TOFN "5 Games'' podcast: How Mike Haynes coped with seeing a teammate paralyzed for life

Mike Haynes nearly left football long before he would become a Hall of Famer after Jack Tatum's grusome hit left Haynes' teammate, Darryl Stingley, paralyzed for life.

In our third installment of this week’s Talk of Fame Network “5 Games’’ podcast, Hall of Fame cornerback Mike Haynes recalls the great tragedy of his career – the August night when his friend and teammate Darryl Stingley was left paralyzed from a hit by Oakland Raiders’ safety Jack Tatum in the midst of a meaningless exhibition game.

Stingley was a 26-year-old wide receiver with the New England Patriots who was just coming into his own. He had averaged 16.8 yards per reception the previous season and was becoming a big part of the Patriot’ offense when he leapt up to catch an overthrown pass from quarterback Steve Grogan and was blasted from the side by Tatum, a vicious-hitting safety known as “The Assassin.’’

Although Haynes was a close friend of Stingley’s he admits, he might well have done the same thing given the situation and the vicious way the game was played in the 1970s.

“To be honest, I had a lot of respect for their defensive backs,’’ Haynes said of those Raiders, who were once called a “criminal element’’ by Steelers’ head coach Chuck Noll. “I tried to do a lot of the same things they would do. I was trying to get those guys out of the game and not come back.’’

Yet after Stingley crumbled to the ground, his body broken and two fractured vertebra in his neck, Haynes’ first thought was neither retribution nor anger.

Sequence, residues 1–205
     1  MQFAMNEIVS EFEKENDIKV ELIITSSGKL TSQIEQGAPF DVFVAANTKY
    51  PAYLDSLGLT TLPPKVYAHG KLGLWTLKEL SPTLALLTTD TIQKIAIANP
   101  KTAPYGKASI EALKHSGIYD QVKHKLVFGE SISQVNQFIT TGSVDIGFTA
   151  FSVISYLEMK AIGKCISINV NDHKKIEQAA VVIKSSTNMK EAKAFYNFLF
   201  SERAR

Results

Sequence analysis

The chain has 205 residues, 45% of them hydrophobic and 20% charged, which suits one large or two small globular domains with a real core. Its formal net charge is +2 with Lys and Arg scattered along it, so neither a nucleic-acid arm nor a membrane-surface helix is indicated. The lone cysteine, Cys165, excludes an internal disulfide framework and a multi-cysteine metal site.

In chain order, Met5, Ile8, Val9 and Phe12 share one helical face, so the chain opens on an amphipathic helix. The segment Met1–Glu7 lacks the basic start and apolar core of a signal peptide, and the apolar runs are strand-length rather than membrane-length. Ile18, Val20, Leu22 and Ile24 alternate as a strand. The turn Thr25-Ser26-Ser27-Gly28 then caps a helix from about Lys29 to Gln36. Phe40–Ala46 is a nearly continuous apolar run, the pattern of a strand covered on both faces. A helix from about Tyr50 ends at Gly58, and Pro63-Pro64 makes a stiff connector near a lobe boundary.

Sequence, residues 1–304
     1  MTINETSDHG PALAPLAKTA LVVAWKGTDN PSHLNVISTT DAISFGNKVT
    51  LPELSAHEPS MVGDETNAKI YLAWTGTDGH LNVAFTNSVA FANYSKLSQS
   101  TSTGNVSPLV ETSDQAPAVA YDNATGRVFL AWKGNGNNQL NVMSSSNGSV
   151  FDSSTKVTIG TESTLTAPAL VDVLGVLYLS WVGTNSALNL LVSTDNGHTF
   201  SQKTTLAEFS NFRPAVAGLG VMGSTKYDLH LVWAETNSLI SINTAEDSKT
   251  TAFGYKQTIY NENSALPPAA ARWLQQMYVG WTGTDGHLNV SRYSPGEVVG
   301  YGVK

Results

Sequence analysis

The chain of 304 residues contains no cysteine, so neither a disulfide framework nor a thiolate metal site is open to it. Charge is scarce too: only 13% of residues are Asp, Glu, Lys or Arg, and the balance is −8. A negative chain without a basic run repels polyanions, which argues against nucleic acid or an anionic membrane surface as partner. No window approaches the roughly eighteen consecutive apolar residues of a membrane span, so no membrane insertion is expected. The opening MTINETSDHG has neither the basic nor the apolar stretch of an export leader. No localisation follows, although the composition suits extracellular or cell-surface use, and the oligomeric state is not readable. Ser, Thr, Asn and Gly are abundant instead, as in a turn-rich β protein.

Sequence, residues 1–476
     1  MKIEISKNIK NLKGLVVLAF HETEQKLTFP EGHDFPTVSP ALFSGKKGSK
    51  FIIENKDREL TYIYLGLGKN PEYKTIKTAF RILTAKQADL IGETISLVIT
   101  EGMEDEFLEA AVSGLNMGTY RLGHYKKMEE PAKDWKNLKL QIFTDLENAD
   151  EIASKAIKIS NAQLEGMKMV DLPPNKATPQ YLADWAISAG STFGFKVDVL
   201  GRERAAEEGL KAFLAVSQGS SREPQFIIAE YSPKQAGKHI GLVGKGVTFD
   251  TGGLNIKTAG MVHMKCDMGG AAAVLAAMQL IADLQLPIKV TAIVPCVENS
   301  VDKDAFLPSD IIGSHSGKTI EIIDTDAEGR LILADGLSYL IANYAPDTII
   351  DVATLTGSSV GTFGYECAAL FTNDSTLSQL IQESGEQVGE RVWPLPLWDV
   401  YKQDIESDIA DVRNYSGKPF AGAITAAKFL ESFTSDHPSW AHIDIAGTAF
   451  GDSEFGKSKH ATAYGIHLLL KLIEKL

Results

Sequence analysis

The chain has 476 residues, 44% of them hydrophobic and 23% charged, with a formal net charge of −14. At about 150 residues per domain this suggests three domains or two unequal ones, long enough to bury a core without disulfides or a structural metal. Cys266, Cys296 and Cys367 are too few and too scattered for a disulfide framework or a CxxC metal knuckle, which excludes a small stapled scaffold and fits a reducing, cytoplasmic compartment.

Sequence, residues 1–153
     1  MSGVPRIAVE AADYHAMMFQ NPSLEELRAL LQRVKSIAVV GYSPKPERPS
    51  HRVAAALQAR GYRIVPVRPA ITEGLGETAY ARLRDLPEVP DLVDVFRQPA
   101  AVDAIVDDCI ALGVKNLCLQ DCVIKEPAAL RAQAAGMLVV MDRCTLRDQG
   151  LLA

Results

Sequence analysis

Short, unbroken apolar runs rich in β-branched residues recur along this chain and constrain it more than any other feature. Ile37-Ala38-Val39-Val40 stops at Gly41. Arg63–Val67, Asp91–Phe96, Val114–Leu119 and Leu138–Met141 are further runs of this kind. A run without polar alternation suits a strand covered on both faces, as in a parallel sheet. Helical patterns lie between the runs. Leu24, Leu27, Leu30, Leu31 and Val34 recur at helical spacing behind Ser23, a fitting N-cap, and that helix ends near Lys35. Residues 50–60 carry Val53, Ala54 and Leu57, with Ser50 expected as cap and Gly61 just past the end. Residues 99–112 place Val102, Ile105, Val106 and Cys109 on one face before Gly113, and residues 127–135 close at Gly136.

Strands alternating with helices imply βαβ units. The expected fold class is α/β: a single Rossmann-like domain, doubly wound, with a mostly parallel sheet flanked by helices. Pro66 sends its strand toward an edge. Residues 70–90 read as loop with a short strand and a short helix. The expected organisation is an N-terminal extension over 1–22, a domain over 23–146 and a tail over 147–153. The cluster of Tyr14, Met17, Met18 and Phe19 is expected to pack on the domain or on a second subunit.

“I wanted to quit playing football,’’ Haynes recalls. “I would have hit Darryl exactly the same way. Later, I realized that was crazy.’’

Haynes said no one “really knew’’ how badly Stingley was hurt but they knew what the potential was.

“I felt Darryl would be fine,’’ Haynes says. “I was shocked.’’

Several years later, Haynes would be traded to the Raiders, who had by then relocated to Los Angeles. On an early road trip he bordered the team plane and saw Jack Tatum, now retired and the author of a book in which he’d said “I like to think that my best hits border on felonious assault,’’ sitting in a seat. Haynes’ reaction to seeing Tatum after having read that book and known what his hit had done to his friend led Haynes to confront him.

What happened and how Haynes came to grips with the reality of now wearing the colors of the team and player who had once paralyzed his friend makes this podcast a moving and surprising one. To hear it all go to VoCalNow. Com or download the free podcast at iTunes. To do either and to subscribe to the “5 Games’’ podcast just click the link below.